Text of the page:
After we gorged ourselves, we headed out in search of some nightlife.  We'd been told that there was a street lined with bars very near to our hotel.  3 hours of walking later, we finally found the bars 2 blocks from our hotel.  By that point I was tired an had no interest in a drink so we went back to our hotel with plans to go out the following night.  Unfortunately the following night when we went by, they were all Shanghai night life for us!

While out walking, we did stop for some delicious HOT drinks at a little shop called Happy Lemon
I had a hot chocolate and Jason had some cranberry apple tea.  It made up for the lack of vending machines we've become accustomed to seeing on every corner in Japan.

The next day we visited the Jade Buddah Temple,

 the Old Town which wasn't actually old but quite new,

The Yu Gardens which we gorgeous, 

and the Bund area.

I had really high hopes of getting a nice shot of the Shanghai skyline but the horrible air quality prevented that {and has also resulted in an awful sinus infection for me}.

That day there were many couples out having wedding photos taken so I had to discretely snap a few of my own.

We also stopped at a pearl shop where we learned the difference between fresh water and ocean pearls and how to tell a fake from the real deal.

We spent a few hours at a museum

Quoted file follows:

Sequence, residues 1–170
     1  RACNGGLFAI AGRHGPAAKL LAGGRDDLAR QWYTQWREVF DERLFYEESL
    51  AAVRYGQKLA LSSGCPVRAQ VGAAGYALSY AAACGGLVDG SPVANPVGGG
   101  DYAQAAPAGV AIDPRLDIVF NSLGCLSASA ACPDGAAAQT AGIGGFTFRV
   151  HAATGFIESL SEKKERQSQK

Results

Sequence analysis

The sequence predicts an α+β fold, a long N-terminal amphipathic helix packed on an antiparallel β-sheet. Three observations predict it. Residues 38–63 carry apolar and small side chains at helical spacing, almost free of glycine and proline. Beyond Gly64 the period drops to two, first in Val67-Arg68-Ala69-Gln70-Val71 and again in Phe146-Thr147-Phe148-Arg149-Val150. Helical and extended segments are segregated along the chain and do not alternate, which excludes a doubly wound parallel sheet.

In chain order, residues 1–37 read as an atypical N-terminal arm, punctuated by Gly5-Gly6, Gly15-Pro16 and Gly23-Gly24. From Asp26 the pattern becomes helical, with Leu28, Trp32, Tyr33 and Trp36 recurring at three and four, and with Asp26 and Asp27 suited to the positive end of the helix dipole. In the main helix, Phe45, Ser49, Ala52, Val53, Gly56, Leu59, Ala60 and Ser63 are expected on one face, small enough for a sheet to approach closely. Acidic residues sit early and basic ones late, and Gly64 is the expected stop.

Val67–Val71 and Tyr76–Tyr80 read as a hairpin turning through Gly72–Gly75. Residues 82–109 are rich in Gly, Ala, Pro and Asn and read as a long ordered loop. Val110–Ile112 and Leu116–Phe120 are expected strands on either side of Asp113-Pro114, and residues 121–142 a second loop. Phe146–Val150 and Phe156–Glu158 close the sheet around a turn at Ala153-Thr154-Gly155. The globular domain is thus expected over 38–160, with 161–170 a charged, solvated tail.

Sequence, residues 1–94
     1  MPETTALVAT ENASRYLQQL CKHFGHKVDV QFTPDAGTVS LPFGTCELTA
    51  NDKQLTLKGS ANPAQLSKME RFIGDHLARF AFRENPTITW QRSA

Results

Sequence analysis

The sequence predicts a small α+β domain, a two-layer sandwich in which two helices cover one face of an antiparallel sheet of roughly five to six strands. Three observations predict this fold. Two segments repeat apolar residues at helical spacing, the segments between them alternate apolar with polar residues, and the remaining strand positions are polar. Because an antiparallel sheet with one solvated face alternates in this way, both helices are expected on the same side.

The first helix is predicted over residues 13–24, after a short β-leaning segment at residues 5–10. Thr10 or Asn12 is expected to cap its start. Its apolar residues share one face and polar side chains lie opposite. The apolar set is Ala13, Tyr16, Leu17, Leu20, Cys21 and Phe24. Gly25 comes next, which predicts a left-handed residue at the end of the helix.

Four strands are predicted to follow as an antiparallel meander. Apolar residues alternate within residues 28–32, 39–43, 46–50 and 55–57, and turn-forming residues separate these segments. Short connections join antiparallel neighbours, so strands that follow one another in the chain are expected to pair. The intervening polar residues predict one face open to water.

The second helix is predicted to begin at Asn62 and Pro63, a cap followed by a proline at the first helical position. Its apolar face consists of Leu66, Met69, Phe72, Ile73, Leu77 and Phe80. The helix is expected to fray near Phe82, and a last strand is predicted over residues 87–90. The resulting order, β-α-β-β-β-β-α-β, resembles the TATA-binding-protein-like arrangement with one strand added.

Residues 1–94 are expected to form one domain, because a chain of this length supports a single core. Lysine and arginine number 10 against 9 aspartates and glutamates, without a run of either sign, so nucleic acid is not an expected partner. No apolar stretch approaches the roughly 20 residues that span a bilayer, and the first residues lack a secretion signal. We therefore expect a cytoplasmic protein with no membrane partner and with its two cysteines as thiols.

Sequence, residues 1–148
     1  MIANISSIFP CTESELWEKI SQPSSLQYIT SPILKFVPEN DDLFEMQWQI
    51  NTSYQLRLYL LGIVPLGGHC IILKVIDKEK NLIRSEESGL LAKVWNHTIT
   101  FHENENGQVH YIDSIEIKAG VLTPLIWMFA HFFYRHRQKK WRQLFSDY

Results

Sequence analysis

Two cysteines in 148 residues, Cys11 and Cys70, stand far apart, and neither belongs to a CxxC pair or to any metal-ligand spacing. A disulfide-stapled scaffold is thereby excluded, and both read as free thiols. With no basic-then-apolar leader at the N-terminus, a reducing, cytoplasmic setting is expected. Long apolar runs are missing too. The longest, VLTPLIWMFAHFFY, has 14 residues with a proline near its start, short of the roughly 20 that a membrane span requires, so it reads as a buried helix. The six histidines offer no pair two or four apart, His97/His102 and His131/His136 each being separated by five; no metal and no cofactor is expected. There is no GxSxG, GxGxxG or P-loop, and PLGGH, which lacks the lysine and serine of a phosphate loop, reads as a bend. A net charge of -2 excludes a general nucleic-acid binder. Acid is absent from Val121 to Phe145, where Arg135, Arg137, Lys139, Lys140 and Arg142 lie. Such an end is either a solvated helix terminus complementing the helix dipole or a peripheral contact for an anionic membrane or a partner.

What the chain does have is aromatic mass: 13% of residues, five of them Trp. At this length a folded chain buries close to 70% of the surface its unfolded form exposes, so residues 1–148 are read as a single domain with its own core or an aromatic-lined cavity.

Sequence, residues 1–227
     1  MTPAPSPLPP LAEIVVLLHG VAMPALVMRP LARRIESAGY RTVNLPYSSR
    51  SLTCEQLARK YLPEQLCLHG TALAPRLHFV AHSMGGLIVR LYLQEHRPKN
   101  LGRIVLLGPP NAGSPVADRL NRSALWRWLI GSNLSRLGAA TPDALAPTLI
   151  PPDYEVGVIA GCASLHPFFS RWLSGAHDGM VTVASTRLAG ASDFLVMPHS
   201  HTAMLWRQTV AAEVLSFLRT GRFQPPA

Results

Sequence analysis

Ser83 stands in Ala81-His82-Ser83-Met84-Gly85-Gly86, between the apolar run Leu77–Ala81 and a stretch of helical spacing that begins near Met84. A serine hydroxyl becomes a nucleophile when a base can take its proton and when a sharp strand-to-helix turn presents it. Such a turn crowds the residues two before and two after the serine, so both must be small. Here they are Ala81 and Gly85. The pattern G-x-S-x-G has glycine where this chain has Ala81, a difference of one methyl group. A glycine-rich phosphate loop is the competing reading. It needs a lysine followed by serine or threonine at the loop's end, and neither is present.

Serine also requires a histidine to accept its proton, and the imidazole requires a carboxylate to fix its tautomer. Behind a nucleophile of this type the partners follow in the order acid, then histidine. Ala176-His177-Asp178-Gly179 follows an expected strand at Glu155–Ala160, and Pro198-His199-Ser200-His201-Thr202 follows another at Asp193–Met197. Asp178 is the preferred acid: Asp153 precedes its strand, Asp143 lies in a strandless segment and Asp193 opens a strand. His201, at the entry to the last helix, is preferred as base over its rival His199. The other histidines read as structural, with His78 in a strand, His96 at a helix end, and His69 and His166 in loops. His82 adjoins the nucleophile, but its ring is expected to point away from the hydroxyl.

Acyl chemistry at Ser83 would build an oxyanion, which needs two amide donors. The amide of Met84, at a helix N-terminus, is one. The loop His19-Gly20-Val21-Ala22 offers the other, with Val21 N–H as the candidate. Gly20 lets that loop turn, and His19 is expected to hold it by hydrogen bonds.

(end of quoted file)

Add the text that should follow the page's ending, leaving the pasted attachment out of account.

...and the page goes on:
Then finished the day walking around the city.

 This night we were searching for a specific type of restaurant but couldn't find it so we just randomly walked into a place.  They had a picture menu at the front counter but the images were very small and we really had no clue what we were going to be served.  It ended up being a GIANT bowl of broth and a plate of raw seafood and veggies that you added to the broth to cook.  {we also ordered fried rice as a back up}

The plates were all lined up along the wall ready to be served which made me a tad nervous but neither on of us became ill so we consider it a successful meal!

Shanghai was very similar to Tokyo with lots of tall buildings and lights at night. 

Overall we enjoyed ourselves in China but it wasn't our favorite {it's going to be VERY hard to top Bali}.  The language there baffles me.  Everyone was constantly yelling other and their words kind of slur together so it was like being in a city full of drunks.  They barter for EVERYTHING there and that just isn't our thing.  There is no part of it that we enjoy.  We always walk away feeling like either we got ripped off or we ripped off someone trying to make a living.